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Catherine: Full Body Review

Despite all my rage, I am still just a sheep in a confessional booth on a rocky island in a dream

Catherine: Full Body is the improved edition of Catherine much in the same way as Atlus makes an improved version of all their games after a few years. It just took longer. It brings the game to a bunch of new systems, adds a new character and associated route, and tosses in some new endings for the two existing characters. I never played the original for more than about an hour and didn't do the new route, so this is mostly a review of the original content.

To start out with my biggest positive, I love the idea of a game that takes place almost entirely in dream sequences and a bar. If you're controlling the protagonist - Vincent - it's either because he's asleep and you're climbing the tower in his nightmares, or it's because he's awake and you're talking to people at The Stray Sheep bar. The latter sequences are where the great majority of character development takes place, with your friends and acquaintances providing commentary on Vincent's choices and their own lives. Narrowing the real-world focus to just this bar and a handful of cutscene-only locales makes the game entirely about its cast, and it focuses your attention on their quirks and behaviors as you're trying to solve the mystery of the nightmares.

Once you choose to leave the bar, you're quickly dropped back into the dream sequences, which task you with pushing and pulling blocks in order to climb a tower. In Fully Body, at least, the recommended starting difficult gives you infinite time to climb most stages, so it's purely a matter of puzzling together climbable sets of blocks. Still, there are optional bonuses in each level and some sections manage to be challenging to solve even without time pressure. Each night ends with a boss fight against something thematically relevant, but most of these are functionally no different from the standard game with time pressure. Only some of the later bosses really force you to pay attention to them and adjust your strategy.

I forgot to take more pictures of this game, so all I have is this lousy screenshot

The dream sequences have more than just puzzles, though. In between stages you stop at "landings", where you can talk to other dreamers stuck in the curse and help them with their problems. Sometimes they present dialogue choices which, like conversations in the cafe and the confessional questions I'll get to in a second, can swing your morality meter right or left. The confessional questions that end each landing section are particularly interesting, so it's a shame that they made these the primary way of determining an ending rather than letting you answer for yourself. Several of them really could've made me think, but when one is obviously the right choice for my preferred ending, there's no reason to stop and consider my real feelings on it.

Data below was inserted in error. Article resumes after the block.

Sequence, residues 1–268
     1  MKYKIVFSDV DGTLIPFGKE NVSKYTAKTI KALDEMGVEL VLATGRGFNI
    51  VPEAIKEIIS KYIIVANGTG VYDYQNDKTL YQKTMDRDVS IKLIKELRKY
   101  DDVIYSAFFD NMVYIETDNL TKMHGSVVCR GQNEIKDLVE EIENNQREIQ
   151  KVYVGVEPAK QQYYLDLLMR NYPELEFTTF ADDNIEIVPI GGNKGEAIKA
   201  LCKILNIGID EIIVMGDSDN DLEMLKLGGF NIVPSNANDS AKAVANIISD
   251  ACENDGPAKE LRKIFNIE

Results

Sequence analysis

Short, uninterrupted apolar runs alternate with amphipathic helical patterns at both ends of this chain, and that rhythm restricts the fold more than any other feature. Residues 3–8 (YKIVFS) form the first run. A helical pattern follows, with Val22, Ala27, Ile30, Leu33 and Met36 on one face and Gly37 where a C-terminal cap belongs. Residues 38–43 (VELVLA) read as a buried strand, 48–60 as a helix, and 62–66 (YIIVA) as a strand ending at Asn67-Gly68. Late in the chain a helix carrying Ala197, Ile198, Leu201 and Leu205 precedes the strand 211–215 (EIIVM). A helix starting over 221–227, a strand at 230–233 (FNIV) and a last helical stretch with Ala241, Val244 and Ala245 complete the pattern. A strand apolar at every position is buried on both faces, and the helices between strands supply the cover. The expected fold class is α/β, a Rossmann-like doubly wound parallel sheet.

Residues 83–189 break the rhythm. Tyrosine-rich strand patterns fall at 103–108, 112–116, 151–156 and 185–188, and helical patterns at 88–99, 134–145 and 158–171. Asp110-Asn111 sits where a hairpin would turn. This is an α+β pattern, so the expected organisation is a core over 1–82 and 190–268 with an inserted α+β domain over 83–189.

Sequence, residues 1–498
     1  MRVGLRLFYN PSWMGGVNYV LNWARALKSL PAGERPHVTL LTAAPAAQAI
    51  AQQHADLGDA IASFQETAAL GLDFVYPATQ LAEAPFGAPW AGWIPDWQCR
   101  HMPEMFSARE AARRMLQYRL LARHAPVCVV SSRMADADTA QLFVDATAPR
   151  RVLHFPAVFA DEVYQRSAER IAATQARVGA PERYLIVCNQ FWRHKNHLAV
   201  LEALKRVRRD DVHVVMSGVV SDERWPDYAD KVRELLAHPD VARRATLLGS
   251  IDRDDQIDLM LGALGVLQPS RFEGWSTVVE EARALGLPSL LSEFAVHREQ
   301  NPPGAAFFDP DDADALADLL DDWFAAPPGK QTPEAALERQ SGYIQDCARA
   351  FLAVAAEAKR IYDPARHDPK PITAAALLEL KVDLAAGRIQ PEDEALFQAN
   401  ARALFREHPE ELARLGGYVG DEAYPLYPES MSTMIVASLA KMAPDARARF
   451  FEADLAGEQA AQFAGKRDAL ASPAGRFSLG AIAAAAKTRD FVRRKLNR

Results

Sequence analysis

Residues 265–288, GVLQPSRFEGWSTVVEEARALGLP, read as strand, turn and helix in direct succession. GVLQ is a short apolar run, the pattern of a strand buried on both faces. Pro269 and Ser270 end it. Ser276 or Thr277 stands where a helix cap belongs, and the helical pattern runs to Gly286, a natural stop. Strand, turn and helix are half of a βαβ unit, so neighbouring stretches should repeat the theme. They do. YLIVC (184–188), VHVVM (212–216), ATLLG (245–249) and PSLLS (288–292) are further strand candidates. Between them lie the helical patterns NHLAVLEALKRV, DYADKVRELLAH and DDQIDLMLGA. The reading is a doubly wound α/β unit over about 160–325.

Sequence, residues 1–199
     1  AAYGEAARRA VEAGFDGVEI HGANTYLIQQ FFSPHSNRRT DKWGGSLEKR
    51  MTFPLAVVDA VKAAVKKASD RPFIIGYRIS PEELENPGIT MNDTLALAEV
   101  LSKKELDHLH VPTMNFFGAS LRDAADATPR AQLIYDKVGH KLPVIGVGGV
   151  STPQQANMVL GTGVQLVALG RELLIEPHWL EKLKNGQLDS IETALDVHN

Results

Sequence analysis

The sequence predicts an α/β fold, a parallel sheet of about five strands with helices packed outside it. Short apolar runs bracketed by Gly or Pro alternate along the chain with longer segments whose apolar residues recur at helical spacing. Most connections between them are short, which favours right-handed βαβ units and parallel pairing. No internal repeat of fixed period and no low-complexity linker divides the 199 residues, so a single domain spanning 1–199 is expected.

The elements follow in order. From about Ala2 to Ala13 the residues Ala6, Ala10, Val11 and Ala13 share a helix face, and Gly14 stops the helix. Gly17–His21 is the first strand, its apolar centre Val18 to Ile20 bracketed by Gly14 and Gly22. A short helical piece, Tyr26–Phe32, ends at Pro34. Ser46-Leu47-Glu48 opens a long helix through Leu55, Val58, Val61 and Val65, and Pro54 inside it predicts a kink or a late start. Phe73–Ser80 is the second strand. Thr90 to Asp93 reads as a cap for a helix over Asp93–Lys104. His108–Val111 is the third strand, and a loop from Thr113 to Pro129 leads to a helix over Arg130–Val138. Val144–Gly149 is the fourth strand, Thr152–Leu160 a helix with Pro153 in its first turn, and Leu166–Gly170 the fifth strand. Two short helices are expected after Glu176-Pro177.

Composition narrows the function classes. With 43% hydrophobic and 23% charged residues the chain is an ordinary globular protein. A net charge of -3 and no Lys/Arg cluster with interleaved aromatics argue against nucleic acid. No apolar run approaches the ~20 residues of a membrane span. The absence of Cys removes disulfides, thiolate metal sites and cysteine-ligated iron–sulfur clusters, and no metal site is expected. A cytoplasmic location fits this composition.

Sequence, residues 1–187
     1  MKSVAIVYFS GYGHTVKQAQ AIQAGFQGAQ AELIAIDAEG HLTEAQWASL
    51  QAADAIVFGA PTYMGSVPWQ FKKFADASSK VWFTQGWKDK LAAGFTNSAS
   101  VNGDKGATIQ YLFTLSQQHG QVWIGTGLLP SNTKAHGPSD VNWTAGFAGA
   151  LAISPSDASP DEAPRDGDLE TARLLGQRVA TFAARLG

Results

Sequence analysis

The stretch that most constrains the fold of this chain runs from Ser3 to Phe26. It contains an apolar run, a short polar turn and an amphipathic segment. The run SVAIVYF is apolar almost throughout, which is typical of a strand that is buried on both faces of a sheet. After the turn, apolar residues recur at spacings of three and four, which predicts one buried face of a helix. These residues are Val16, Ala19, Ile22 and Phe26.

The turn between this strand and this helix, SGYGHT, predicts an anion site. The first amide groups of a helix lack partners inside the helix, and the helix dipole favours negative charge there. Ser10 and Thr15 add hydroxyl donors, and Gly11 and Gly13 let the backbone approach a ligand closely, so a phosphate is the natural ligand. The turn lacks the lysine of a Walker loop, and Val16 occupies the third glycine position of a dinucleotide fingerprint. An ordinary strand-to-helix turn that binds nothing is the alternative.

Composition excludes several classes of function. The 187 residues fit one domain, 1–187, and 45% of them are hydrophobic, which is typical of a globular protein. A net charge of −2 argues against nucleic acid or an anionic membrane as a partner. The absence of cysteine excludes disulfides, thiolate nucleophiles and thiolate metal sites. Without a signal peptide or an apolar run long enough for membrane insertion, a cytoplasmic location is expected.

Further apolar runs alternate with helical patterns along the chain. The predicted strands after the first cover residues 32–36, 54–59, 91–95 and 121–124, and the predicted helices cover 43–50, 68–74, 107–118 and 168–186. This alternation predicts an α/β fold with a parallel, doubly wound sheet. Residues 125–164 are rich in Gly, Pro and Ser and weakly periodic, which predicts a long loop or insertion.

I've made it this far without actually saying anything about the plot or characters, and that's unfortunately because I think they let the brilliant structure of the game down. The plot follows Vincent, whose longtime girlfriend Katherine is pressuring him to marry her, when he gets drunk and assaulted by Catherine at the bar. The game presents this as cheating even though it's obviously not, and Vincent taking no meaningful action on anything for approximately six days until the game decides to check your morality meter and send him down the path towards Katherine, Catherine, or, if you've made specific choices, the new character Rin.

It might've been fine that Vincent isn't sympathetic until day six if the rest of the cast was, but since nothing meaningful can happen until you've been kicked down one route, none of them really do anything worth mentioning either. Mostly they just tell Vincent how awful he is. At least some of the side characters give you more to work with, but you don't see as much of them, and they can die in the dream sequences for reasons that aren't made clear in game.

Eventually you get to the end-game plot twists, and they're also a mixed bag. The person responsible for the dream sequences is a clever idea. Their reasoning for sending people there is also clever... until you think about it and realize it doesn't apply to more than a handful of the people you meet in the dreams. Similarly, while the game does handle your decision between K and C well on day 6, the actual ending sequence is a letdown. You get an ending based on a combination of your morality meter and your answers to four final confessional questions, but it seems like these are just about a minute's worth of a final cutscene and some pictures at the end of the credits.

So, where does that leave me? I love the idea of Catherine, and the atmosphere and puzzle sequences fully deliver on that promise. But for me, the characters and ending flopped. I'd have liked longer game that took the time to explore why Vincent felt trapped in life and would ever consider abandoning K for C, and that gave him real agency in the first six days instead of leaving that time to be driven almost entirely by C. Those flaws don't ruin it, nor do my problems with the ending twist, but they do turn what could easily have been a new top 100 game into one that's just good.

Platform: PS4

Time to beat: 10 hours for one ending

MSRP: I got it for $30, but you can probably get it cheaper now

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